Šid, Serbia — Mohammad Jamal al-Mousa would say his home was in Aleppo, but bombs from Bashar al-Assad’s planes razed the house. So now, just his family remains there, he says nervously. He thinks the place he left them is relatively safe. He still calls often.
Standing under the shelter of a tent where migrants can stop to charge their phones, he shows me their pictures. His two daughters, the eldest 10, pose grinning in matching white tights, black skirts, and red shirts. One has red bows in her pigtails. His son, a little younger, sits between them. The five-month-old baby boy isn’t pictured.
“Can you imagine a child seven years old, who has to be fully covered in a hijab?” he asks me. “They took away her childhood. I want my daughters to be educated and happy. Now, my children are so small, but they’ve learned what a bomb is, and they can recognize warplanes.”
So for the sake of their children, al-Mousa says, he and his wife made a pact: He’d leave them behind in Aleppo and make the perilous journey to Holland, and when he got legal status, he’d bring them along.
This helps to clarify why so many of Europe’s newcomers are young men. Of 102,753 registered arrivals through Italy and Greece, the International Organization of Migration found that 68,085 were men, with only 13,888 women and 20,780 children. At both the Hungary-Croatia border and the Serbia-Croatia border, I saw a noticeable majority of men, though it was nearly impossible to take a photograph without capturing at least one woman or child in the background.
“They tell us, ‘We do this dangerous trip on our own, we get asylum, and there is a law in the European Union that the family can come,’” says Christof Zellenberg, the chairman of the Europa Institute, who has been heavily involved in volunteer efforts in Vienna. You see few newcomers over 50, he adds, because “this is a grueling trip, and you need to be young and strong.”
Many patriarchs are well aware of the risks of bringing their families with them.
Many patriarchs are well aware of the risks of bringing their families with them. Zellenberg says the migrants he’s worked with have told him stories of violent criminal smugglers who rape women and threaten men with guns during the journey.
My Arabic and Serbian translator, Mina Bajrami, also works as a volunteer in Belgrade. She told me of a woman in her early 20s who recently arrived in Serbia with a mangled hand, the result of unspecified violence inflicted during the trip. The woman didn’t want to answer questions about it, but when aid workers took her to the hospital, Bajrami says, she learned the injuries were so severe that she’d have to have several fingers, if not her entire hand, amputated. But such an operation would delay the journey to Europe, so she bandaged her hand as best she could and carried on with her family.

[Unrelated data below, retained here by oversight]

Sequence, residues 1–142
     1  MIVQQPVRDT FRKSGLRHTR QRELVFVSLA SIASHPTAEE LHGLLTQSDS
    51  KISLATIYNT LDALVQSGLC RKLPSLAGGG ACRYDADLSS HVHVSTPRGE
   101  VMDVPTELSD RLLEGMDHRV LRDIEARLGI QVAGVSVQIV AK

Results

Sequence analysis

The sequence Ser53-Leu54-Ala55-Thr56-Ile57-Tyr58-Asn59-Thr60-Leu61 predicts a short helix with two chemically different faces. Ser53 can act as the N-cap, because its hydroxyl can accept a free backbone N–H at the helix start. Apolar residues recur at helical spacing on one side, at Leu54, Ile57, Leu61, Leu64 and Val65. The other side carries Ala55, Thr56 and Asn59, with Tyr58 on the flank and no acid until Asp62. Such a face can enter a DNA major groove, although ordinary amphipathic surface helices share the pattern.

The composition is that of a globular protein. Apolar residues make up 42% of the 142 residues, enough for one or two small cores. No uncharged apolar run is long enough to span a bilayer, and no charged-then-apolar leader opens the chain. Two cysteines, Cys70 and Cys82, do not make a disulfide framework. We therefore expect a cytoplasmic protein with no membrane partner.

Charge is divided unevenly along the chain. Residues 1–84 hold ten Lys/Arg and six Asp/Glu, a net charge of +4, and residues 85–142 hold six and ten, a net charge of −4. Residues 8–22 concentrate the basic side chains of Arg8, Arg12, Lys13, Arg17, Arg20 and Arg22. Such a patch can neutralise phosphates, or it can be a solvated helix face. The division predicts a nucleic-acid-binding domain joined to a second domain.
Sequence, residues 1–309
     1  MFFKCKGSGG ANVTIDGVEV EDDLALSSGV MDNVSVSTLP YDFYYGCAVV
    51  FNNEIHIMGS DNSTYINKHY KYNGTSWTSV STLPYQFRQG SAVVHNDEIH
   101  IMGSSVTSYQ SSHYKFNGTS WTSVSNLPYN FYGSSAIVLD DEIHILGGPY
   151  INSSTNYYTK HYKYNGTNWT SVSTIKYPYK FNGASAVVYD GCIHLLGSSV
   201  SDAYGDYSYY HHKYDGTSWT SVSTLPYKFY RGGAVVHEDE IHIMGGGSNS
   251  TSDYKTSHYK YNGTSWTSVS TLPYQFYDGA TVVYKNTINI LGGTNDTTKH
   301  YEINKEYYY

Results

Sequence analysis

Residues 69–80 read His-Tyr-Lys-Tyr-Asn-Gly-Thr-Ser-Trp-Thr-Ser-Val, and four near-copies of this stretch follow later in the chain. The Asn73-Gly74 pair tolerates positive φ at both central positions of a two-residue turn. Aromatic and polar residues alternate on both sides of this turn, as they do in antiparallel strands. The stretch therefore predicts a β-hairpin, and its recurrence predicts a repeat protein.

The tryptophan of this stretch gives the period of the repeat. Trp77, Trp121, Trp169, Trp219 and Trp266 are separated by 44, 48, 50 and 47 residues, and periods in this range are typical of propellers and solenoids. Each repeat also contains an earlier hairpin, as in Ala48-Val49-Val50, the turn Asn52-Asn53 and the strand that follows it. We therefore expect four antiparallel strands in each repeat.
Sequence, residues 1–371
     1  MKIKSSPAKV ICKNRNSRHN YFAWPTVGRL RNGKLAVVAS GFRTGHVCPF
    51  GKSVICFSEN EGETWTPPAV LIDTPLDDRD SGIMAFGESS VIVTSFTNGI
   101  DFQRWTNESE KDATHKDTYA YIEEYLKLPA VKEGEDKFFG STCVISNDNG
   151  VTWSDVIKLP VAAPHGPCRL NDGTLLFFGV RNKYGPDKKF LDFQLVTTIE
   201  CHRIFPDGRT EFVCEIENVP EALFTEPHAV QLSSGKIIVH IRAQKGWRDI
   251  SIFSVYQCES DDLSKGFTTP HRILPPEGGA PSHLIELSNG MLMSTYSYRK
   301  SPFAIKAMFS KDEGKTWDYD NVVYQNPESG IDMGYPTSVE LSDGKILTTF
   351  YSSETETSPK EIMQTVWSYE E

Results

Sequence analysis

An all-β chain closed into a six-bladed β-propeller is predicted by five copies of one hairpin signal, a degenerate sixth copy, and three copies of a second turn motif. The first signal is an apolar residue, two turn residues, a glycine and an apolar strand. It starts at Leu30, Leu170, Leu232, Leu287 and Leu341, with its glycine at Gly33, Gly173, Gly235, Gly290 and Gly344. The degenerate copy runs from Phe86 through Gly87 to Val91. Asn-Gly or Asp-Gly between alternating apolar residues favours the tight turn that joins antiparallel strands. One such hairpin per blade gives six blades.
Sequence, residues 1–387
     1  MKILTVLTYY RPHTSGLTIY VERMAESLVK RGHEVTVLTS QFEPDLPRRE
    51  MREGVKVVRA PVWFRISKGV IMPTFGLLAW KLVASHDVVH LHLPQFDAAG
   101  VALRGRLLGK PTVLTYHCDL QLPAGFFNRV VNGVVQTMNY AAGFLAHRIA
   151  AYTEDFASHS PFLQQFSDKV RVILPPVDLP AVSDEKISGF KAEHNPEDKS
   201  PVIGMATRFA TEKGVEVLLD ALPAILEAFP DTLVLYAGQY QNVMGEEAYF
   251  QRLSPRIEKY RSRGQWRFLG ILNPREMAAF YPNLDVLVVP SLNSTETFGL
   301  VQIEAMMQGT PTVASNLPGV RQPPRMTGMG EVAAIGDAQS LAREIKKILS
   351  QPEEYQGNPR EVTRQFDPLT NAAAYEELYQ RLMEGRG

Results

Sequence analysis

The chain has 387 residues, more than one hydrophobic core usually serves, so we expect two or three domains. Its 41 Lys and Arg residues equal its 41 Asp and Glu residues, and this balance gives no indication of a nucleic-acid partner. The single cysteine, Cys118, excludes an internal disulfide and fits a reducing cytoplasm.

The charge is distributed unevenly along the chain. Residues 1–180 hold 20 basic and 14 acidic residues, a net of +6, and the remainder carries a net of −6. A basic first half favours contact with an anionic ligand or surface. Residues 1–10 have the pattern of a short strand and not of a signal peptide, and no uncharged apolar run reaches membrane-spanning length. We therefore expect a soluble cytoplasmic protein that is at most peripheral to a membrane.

Even those who don’t fall into the hands of malicious smugglers or criminals have a rough time just enduring the rigors of the trip.
Madeline Meshka, a young Syrian mother traveling with her two-year-old, tells me they decided to leave after war not only devastated her region but also left her without power and heat as winter approached. Traveling to Europe has been hard, she says, and today was especially trying. A bus took her to the Serbia-Croatia crossing, but pouring rain had turned the entire area into a thick mud. Still, she scooped up her baby and mustered a smile when we talked about the life she hopes will await her.
But a future influx of families could cause another problem, as Zellenberg notes. Europe is already struggling to deal with the financial burden caused by today’s newcomers, who are pouring across European borders at levels not seen since World War II. If the majority of these men plan to bring families later, the current numbers are totally off. Multiply it by four or more, he says.
Of course, not all of the men crossing into Europe alone have families at home. Fadi McLeash, a 23-year-old Syrian traveling with six other men in their early 20s, tells me he decided to leave because he’d finally given up hope that his country would return to normalcy. Rolling up his sleeve, he encouraged me to feel the bump on his arm — a piece of shrapnel from a mortar that exploded near him in January 2014, his souvenir of Syria, he says.
McLeash calls it “the funniest day of his life.” As he lay on the ground bleeding, he says, an old man asked him what was wrong. Apparently he hadn’t heard the explosion; maybe his hearing was gone. So McLeash quipped despite the pain that nothing was wrong at all. He’d just been diving for a football, he said. He describes the entire story in perfect English, but there’s an edge to his voice.With good reason, an increasing number of European politicians and thought leaders warn of the potential security risks. Many migrants come without proper paperwork, and the haphazard approach in Italy, Greece, and elsewhere has meant newcomers often entering the territory of the European Union illegally, without any sort of regular registration or tracking.
“Statistically, it is impossible that there are no troublemakers among them,” says Zoltán Kovács, a spokesman for the Hungarian government. The Charlie Hebdo massacre showed the horror that even a few evildoers can inflict.
Nonetheless, McLeash says he implores the West to treat the incomers mercifully. “We are not refugees or asylum-seekers,” he says. “We are students, doctors, teachers. We are not statistics. Every one of us has a story, has a past.”
— Jillian Kay Melchior writes for National Review as a Thomas L. Rhodes Fellow for the Franklin Center. She is also a senior fellow at the Independent Women’s Forum and the Tony Blankley Fellow at the Steamboat Institute.